Cash Flow Calculator

Cashflow is a revenue or expense stream that changes a cash account over a given period. For a company, cash inflows usually arise from one of three activities - financing, operations or investing. Cash outflows result from expenses or investments. Use this tool to determine your operating cash flow, free cash flow, and cash liquidity balance.

1Cash Balance at Beginning of Year 1 $
Year 1 Year 2 Year 3
2Revenue $ $ $
3Cost of Goods Sold $ $ $
4Sales & Marketing Expense $ $ $
5General & Administrative Expense $ $ $
6Research & Development Expense $ $ $
7Interest Expense $ $ $
8Tax Expense $ $ $
9Change in Current Assets $ $ $
10Change in Current Liabilities $ $ $
11Capital Expenditures $ $ $

Types of Cash Flow

Operating Cash Flow

In financial accounting, operating cash flow (OCF), or cash flow from operating activities (CFO), refers to the amount of cash a company generates from the revenues it brings in, excluding costs associated with long-term investment on capital items or investment in securities. The International Financial Reporting Standards defines operating cash flow as cash generated from operations less taxation and interest paid, investment income received and less dividends paid gives rise to operating cash flows. To calculate cash generated from operations, one must calculate cash generated from customers and cash paid to suppliers. The difference between the two reflects cash generated from operations.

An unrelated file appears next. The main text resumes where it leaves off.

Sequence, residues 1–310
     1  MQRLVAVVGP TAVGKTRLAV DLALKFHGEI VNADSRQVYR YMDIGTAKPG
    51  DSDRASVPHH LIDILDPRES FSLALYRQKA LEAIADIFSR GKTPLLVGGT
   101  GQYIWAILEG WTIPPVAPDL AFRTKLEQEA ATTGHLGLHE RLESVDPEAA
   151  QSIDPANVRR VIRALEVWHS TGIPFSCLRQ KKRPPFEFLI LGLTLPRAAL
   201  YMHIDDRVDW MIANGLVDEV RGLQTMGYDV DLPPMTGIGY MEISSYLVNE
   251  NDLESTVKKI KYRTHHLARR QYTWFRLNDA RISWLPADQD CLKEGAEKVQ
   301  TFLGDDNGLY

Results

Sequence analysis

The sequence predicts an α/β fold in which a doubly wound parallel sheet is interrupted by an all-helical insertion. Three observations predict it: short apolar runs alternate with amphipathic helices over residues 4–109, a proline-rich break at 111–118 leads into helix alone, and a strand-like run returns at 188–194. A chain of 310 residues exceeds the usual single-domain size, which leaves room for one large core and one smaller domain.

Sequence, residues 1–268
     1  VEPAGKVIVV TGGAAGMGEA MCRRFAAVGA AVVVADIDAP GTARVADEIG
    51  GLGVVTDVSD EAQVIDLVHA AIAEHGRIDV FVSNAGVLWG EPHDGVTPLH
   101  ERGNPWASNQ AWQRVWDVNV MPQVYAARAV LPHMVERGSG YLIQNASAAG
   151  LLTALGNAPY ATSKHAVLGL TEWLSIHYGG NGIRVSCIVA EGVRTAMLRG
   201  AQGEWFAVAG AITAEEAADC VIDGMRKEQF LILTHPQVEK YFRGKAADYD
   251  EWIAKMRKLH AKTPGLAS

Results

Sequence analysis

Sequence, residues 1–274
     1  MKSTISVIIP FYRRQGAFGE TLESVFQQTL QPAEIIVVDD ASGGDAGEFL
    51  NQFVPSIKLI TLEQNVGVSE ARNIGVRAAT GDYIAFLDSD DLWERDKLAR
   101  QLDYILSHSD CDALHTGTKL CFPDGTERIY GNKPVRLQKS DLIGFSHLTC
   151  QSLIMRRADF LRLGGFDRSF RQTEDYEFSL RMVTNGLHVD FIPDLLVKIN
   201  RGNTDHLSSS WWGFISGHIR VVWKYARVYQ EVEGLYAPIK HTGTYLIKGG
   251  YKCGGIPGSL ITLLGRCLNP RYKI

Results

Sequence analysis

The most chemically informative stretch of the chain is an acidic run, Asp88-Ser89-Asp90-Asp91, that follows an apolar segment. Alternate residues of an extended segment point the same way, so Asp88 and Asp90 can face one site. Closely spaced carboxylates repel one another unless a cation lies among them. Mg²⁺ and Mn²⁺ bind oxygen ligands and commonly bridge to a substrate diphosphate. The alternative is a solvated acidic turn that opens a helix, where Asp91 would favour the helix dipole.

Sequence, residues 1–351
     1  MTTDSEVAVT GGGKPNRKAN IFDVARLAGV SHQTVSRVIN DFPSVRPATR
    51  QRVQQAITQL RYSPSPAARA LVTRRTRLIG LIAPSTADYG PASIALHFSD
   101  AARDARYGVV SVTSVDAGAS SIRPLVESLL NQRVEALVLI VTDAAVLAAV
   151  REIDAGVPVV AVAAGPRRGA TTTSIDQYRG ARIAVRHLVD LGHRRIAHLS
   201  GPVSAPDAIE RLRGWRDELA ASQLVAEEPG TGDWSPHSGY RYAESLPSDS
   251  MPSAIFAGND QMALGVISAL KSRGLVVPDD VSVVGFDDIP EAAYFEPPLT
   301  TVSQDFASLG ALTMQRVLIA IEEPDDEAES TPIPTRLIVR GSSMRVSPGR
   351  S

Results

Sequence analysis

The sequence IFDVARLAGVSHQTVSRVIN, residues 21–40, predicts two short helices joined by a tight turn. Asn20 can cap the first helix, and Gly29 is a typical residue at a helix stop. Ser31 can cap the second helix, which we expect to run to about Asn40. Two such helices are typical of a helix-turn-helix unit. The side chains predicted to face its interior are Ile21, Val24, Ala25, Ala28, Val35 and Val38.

Free Cash Flow

In corporate finance, free cash flow (FCF) or free cash flow to firm (FCFF) can be calculated by taking operating cash flow and subtracting capital expenditures. It is a method of looking at a business's cash flow to see what is available for distribution among all the securities holders of a corporate entity. This may be useful to parties such as equity holders, debt holders, preferred stock holders, convertible security holders, and so on when they want to see how much cash can be extracted from a company without causing issues to its operations.

Discounted Cash Flow

In finance, discounted cash flow (DCF) analysis is a method of valuing a project, company, or asset using the concepts of the time value of money. All future cash flows are estimated and discounted by using cost of capital to give their present values (PVs). The sum of all future cash flows, both incoming and outgoing, is the net present value (NPV), which is taken as the value or price of the cash flows in question.